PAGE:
Bonds Are Riskier Than You Think

There are times in which bonds can be more dangerous than stocks

John Rekenthaler 26 December, 2016 | 16:37
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Bonds certainly sound safer than stocks. They are required to pay their stated interest rates, whereas stocks can cut their dividends at any time—if they pay dividends in the first place. Bonds, of course, also stand higher on the credit ladder. Should the organization go under, bondholders will likely receive at least a partial payment, sometimes even better than that. Stock owners will get nothing.

In addition, about half of U.S. bonds come courtesy of the federal government. General Motors, Kodak, Woolworth’s, Arthur Andersen, and American Airlines went bankrupt and stiffed their stock shareholders. While those companies would have liked to have possessed printing presses with which to pay their bills, they did not. However, Uncle Sam does. And its debts are denominated in the currency that it prints. The U.S. won’t be defaulting on its obligations any time soon.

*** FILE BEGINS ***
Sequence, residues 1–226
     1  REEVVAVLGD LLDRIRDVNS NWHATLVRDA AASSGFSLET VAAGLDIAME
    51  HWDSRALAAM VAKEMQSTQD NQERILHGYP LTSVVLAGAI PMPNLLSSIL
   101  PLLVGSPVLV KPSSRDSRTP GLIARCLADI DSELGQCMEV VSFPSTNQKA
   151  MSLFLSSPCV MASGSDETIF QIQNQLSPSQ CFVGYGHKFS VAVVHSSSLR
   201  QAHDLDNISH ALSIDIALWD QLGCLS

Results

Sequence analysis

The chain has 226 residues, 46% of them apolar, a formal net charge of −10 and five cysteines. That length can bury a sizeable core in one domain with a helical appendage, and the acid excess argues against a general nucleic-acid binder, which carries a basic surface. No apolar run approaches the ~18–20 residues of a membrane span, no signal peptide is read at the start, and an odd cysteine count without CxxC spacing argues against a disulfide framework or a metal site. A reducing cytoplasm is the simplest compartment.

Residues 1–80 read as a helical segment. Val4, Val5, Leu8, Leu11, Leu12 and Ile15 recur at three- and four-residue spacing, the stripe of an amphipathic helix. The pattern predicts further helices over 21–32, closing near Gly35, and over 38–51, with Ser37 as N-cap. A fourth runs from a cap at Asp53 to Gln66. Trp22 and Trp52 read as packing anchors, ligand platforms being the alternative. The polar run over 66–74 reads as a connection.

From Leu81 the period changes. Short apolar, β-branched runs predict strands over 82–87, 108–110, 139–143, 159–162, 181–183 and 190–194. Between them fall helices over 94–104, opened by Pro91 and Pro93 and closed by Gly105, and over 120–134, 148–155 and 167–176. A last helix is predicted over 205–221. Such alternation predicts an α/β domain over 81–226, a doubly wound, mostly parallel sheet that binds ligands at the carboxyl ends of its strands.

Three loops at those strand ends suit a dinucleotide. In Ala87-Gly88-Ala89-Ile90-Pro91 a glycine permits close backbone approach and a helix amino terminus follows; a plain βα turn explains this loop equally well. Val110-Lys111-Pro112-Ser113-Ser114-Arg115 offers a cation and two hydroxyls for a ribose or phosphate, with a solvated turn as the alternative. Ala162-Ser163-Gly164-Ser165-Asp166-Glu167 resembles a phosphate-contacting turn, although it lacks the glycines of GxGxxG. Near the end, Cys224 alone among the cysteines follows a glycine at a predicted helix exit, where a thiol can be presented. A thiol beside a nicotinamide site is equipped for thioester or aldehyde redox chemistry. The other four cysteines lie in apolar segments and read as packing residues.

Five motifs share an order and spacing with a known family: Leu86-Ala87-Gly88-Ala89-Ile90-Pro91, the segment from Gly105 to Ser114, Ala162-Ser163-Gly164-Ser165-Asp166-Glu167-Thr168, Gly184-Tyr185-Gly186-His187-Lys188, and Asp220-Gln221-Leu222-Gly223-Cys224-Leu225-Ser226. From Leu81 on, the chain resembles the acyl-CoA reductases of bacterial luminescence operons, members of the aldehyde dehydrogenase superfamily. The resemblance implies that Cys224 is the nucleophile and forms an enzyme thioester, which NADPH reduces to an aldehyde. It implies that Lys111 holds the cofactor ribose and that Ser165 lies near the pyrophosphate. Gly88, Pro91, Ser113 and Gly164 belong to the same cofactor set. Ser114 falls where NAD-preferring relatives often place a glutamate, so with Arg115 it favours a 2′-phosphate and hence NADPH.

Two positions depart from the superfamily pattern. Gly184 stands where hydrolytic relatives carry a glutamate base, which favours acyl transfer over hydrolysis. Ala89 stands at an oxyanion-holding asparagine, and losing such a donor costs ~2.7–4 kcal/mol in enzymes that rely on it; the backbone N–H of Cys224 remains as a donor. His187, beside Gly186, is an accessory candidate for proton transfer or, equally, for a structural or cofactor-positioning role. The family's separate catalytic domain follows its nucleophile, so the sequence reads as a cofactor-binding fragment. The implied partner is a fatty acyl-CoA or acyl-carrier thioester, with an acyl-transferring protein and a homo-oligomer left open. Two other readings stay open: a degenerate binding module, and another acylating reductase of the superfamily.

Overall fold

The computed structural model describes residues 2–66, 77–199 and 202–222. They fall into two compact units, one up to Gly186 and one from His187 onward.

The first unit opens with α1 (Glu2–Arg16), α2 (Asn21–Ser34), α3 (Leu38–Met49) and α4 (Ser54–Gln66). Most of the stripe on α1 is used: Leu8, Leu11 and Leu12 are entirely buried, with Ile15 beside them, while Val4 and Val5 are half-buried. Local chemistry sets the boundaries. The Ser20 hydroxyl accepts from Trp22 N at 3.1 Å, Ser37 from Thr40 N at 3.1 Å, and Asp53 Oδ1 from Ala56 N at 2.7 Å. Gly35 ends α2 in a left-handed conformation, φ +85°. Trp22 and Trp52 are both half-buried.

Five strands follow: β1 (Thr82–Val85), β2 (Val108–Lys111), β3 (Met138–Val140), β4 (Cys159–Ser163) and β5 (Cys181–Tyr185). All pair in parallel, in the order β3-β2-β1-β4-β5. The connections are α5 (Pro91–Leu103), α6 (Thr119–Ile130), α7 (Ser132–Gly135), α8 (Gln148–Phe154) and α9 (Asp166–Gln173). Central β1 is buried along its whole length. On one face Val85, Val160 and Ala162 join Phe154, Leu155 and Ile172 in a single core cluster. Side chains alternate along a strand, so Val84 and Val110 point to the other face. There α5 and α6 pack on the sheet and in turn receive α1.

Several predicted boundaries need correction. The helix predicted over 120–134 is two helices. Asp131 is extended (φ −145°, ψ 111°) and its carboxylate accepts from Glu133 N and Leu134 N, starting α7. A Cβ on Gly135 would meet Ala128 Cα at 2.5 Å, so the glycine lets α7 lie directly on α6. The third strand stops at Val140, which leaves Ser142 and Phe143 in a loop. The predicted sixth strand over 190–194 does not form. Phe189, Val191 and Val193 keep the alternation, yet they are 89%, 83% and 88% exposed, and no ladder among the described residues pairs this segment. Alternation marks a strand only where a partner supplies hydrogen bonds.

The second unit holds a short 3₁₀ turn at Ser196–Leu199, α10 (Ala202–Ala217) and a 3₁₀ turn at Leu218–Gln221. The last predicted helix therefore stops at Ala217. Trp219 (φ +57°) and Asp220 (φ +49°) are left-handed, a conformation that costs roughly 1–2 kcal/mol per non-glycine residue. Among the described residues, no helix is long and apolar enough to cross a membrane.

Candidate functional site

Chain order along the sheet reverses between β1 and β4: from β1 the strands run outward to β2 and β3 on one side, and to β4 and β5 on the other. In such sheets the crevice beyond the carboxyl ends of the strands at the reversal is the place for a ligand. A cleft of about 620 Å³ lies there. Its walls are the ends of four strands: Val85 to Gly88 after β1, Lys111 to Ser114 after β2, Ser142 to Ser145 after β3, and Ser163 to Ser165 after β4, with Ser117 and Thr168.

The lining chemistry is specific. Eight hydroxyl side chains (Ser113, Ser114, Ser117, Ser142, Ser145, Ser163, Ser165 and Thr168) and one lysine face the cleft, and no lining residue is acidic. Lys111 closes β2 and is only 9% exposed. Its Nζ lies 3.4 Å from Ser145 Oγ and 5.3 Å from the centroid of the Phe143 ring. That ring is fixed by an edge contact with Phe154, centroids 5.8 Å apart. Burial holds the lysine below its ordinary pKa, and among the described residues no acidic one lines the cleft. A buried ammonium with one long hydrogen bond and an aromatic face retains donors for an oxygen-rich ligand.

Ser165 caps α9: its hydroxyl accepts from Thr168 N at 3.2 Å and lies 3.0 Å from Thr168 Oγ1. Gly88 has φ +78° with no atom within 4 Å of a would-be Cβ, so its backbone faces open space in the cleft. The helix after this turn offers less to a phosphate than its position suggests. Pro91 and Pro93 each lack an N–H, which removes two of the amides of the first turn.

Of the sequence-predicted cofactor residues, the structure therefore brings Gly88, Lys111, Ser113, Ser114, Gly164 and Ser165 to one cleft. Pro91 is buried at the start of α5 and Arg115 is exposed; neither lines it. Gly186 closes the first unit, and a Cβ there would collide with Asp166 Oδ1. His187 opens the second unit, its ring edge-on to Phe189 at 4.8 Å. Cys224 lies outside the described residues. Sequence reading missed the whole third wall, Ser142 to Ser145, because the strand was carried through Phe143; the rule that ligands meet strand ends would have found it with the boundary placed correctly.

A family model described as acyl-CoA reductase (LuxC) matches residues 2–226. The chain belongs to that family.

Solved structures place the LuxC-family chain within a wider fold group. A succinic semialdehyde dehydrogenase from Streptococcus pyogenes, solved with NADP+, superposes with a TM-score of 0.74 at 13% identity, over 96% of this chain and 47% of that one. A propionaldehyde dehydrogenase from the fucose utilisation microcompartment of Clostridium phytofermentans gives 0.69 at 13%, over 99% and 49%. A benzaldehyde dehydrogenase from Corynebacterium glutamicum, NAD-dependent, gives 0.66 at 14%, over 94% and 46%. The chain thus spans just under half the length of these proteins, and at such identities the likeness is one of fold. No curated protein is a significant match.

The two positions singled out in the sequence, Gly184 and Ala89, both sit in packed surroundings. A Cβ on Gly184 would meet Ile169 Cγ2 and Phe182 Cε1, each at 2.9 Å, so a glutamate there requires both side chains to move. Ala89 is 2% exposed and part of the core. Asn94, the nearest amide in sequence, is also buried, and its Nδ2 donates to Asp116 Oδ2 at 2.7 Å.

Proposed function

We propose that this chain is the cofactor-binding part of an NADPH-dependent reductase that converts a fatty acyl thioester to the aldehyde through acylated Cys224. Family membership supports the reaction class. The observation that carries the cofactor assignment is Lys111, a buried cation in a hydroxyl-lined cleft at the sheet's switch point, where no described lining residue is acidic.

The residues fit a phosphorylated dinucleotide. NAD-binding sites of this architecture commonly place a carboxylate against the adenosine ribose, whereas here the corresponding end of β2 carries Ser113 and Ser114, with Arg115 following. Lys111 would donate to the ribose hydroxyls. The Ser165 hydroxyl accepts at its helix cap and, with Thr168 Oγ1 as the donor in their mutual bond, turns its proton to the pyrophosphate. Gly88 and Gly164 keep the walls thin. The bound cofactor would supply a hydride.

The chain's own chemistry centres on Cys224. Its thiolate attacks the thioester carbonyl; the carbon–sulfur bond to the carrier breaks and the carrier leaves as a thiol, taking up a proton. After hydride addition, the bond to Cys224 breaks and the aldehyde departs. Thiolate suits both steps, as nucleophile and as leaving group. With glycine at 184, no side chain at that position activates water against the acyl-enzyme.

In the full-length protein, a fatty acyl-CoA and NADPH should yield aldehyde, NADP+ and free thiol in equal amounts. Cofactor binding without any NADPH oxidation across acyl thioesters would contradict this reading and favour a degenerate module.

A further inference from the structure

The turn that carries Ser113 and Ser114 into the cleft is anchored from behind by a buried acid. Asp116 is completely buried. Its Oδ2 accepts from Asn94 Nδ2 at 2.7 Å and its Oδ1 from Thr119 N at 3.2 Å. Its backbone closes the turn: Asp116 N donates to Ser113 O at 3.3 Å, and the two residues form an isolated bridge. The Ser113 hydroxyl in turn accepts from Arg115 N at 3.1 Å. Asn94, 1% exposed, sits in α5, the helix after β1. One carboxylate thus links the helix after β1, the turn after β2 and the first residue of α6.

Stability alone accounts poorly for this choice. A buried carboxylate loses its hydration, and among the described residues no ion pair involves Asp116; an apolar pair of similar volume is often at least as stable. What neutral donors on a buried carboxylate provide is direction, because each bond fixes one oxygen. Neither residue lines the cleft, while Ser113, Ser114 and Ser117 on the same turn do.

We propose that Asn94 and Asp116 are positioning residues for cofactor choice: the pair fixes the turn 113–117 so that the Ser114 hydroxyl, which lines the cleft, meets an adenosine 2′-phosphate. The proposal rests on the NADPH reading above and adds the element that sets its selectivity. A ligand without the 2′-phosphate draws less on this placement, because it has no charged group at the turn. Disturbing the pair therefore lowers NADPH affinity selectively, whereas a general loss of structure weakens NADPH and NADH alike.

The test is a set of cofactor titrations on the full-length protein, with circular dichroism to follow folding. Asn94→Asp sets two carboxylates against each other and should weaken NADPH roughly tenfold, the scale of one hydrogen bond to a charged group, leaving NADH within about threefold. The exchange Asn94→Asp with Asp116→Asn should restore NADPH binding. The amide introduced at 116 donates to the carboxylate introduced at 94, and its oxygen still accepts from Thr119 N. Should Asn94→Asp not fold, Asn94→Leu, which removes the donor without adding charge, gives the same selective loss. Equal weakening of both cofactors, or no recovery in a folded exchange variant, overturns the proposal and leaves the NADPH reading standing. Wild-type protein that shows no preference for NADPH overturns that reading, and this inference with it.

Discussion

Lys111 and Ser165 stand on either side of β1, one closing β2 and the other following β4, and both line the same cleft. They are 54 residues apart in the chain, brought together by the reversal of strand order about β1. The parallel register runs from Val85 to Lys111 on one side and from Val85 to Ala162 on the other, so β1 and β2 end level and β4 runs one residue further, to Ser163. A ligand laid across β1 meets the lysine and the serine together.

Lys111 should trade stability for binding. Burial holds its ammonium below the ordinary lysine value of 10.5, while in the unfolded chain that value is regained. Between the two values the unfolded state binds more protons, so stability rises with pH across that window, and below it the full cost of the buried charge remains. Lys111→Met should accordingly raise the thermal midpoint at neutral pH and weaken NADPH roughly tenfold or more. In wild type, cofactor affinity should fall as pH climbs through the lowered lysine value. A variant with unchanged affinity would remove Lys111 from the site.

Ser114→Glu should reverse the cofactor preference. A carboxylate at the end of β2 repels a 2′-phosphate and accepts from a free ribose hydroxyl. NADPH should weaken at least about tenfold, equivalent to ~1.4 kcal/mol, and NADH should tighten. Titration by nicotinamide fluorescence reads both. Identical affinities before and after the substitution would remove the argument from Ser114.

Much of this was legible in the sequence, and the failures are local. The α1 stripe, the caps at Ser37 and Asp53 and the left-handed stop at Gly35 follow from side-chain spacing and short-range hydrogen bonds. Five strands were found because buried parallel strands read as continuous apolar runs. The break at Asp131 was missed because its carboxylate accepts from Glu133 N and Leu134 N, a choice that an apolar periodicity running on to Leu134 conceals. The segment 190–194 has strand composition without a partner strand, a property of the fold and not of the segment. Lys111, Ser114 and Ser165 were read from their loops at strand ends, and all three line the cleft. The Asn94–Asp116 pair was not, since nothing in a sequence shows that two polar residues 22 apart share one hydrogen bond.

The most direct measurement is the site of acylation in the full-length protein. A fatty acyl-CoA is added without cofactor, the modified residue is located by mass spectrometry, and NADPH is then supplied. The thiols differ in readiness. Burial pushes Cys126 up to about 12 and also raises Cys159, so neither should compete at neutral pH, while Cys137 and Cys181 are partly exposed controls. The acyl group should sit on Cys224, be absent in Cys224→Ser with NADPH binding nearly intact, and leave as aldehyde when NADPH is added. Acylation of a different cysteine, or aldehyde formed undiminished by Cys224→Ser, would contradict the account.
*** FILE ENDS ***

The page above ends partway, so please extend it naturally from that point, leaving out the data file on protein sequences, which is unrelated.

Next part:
This is all stating the obvious: People understand and appreciate the protections that are provided by high-grade bonds, particularly U.S. federal debt. Indeed, the term “government guaranteed” is so powerful that the SEC prohibits mutual funds from using it in their names. (The words once were permitted, but were banned when the SEC realized that many investors interpreted the term to mean that the fund couldn’t lose money.)

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John Rekenthaler  is vice president of research for Morningstar.

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